Zach Carter on John Maynard Keynes and His Legacies

Tides of History | 28 May 2020 | 0h 49m | Listen Later | iTunes
Interview with Zach Carter about his book The Price of Peace: Money, Democracy, and the Life of John Maynard Keynes. Discusses the life and legacy of one of the most important figures of the 20th century, creating the economic structures and ideas that defined the Second World War and its aftermath.

The Human Factor: Gorbachev, Reagan, and Thatcher, and the End of the Cold War

Cold War Conversations | 10 April 2020 | 1h 05m | Listen Later | iTunes
Interview with Archie Brown about his book The Human Factor, Gorbachev, Reagan, and Thatcher, and the End of the Cold War. Argues that it was the personal relationships between Gorbachev, Reagan and Thatcher that brought about the end of the Cold War – not the economic and military outperformance of the USA.

Angrynomics with Mark Blyth

Economics Detective Radio | 29 June 2020 | 0h 50m | Listen Later | iTunes
Interview with Mark Blyth, co-author (with Eric Lonergan) of Angrynomics. Explores the rising tide of anger, sometimes righteous and useful, sometimes destructive and ill-targeted, and proposes radical new solutions for an increasingly polarized and confusing world.

What Dan Romero Thinks About Basically Everything

Venture Stories | 16 July 2020 | 1h 42m | Listen Later | iTunes
Interview with Dan Romero, formerly of Coinbase, discussing startups and lessons from scaling Coinbase; some of the best books he’s read; communism and why socialism seems popular with young people today; the history of technology; crypto; and where he agrees or disagrees with prominent Silicon Valley figures.

The Powerball Revolution

Revisionist History | 2 July 2020 | 0h 46m | Listen Later | iTunes
Malcolm Gladwell makes the counterintuitive case that it would be better to elect political representatives by lottery rather than ballot.

Are Humans Fundamentally Good? (with Rutger Bregman)

The Ezra Klein Show | 1 June 2020 | 1h 39m | Listen Later | iTunes
Interview with Rutger Bregman about his book Humankind: A Hopeful History. Argues that human nature is kinder, friendlier, and more decent than generally thought and that a new world could be built atop that understanding. Discusses the deeply social, egalitarian lives of hunter-gatherers; whether the advent of human civilization was a huge mistake; whether humans have a common nature; the implications of the Holocaust; whether we can build a society without CEOs, politicians, and bureaucrats; and more.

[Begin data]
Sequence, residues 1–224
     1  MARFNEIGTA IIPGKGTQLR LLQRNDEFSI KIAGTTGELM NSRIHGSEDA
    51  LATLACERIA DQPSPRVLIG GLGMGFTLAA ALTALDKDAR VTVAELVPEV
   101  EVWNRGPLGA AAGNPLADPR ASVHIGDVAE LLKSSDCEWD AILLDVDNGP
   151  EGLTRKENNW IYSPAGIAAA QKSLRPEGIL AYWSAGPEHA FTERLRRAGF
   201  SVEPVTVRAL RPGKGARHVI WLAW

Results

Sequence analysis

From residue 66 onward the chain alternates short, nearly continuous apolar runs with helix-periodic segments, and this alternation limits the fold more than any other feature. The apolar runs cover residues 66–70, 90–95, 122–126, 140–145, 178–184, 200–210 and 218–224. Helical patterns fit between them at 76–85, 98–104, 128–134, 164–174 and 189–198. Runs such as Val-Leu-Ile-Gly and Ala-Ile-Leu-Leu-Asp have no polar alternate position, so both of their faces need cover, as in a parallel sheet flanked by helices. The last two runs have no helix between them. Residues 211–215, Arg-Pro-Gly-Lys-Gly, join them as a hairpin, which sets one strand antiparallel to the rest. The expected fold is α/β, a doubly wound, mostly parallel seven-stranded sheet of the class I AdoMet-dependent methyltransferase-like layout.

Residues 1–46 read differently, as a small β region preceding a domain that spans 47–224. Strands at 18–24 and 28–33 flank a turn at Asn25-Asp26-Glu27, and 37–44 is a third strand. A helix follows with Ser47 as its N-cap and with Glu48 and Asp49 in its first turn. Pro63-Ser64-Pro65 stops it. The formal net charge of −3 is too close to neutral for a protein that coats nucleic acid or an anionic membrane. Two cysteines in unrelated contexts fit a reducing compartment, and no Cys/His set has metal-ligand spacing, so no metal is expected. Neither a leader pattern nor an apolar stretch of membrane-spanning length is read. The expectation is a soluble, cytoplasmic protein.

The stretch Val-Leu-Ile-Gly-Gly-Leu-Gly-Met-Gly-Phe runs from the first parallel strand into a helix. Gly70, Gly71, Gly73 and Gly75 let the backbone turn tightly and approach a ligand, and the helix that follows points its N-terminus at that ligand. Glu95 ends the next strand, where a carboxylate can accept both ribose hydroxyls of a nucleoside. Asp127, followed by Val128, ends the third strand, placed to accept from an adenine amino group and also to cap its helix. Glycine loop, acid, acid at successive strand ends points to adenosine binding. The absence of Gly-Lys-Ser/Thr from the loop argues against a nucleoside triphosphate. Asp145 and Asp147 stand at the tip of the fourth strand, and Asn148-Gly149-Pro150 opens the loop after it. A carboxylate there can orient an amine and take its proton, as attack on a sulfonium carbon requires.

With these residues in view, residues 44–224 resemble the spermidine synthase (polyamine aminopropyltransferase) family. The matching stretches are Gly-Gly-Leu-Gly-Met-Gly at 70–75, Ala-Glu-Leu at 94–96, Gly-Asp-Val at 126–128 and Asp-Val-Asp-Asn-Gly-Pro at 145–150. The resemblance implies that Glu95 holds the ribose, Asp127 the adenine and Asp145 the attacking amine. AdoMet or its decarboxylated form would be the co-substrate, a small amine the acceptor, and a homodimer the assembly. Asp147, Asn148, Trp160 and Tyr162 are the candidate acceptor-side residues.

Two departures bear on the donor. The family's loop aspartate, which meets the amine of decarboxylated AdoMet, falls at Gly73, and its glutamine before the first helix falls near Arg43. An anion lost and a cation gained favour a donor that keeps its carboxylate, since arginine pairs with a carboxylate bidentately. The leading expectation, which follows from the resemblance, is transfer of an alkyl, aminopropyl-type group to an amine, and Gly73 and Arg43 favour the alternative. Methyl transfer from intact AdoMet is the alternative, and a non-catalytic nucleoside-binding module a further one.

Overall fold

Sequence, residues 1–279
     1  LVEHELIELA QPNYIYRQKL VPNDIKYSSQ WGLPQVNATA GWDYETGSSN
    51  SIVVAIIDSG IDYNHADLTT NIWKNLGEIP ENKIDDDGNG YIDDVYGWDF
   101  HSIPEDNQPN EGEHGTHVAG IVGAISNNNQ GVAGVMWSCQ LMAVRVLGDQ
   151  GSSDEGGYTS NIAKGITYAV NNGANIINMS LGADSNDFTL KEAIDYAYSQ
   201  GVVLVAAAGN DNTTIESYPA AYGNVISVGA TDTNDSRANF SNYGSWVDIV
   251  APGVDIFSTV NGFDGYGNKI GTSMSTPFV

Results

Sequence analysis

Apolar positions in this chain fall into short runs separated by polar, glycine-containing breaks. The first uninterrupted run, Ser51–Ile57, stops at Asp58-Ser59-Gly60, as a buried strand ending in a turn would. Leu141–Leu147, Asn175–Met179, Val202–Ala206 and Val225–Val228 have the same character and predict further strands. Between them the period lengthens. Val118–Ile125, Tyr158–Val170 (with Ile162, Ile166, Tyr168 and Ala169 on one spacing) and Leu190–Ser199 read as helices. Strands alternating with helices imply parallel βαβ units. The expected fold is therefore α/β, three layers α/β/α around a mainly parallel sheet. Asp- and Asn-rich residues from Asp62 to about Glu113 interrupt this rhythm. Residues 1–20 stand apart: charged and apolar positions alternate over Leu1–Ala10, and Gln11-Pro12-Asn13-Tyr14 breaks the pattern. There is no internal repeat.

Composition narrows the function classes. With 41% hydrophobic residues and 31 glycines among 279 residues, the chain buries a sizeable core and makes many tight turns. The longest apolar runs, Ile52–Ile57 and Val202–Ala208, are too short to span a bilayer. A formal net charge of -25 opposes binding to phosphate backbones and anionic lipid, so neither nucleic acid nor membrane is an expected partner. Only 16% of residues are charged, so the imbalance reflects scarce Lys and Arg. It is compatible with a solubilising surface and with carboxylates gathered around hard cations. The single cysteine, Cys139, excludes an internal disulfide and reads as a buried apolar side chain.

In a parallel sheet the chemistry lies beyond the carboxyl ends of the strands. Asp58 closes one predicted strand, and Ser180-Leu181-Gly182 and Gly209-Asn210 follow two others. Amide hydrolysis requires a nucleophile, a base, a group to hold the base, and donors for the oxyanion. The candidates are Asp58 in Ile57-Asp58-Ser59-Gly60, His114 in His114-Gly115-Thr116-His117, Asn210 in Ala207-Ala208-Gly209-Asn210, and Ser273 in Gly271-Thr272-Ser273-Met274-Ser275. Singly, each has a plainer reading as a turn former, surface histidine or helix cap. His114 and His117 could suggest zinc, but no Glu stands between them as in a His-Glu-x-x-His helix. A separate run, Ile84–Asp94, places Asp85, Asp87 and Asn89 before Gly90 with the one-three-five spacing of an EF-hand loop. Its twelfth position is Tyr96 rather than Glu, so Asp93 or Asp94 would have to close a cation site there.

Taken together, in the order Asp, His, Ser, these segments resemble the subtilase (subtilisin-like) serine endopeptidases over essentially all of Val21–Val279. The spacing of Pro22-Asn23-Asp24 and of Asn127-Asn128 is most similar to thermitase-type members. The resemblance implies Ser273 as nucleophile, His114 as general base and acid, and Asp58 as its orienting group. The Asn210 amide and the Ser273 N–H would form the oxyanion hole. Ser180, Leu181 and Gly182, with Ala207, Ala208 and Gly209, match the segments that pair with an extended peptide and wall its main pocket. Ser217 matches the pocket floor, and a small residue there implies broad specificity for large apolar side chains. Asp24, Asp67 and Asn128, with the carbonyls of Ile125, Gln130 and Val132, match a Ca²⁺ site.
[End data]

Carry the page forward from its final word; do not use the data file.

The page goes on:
Friedrich Von Hayek – The Road to Serfdom

Philosophize This! | 12 February 2020 | 0h 23m | Listen Later | iTunes
Discusses the economic philosophies of Friedrich Hayek set out in The Road to Serfdom. Backgrounds the historical context of centrally planned governments fighting WWII. Hayek argued that the economy emerges from billions of transactions that can’t be planned, predicted, or ever fully known. Since Government can’t understand enough, it shouldn’t seek to control the economy. but should maximise freedom so that the economy can self-order to embody free choices.

The Great Society: A New History with Amity Shlaes

Uncommon Knowledge | 24 March 2020 | 0h 50m | Listen Later | iTunes
Interview with Amity Shlaes about her book, Great Society: A New History. Backgrounds the history of the Kennedy/Johnson initiatives to reduce rural and urban poverty – policies and ideas that are again in vogue. Describes how the new benefits entrenched poverty, notwithstanding the good intentions.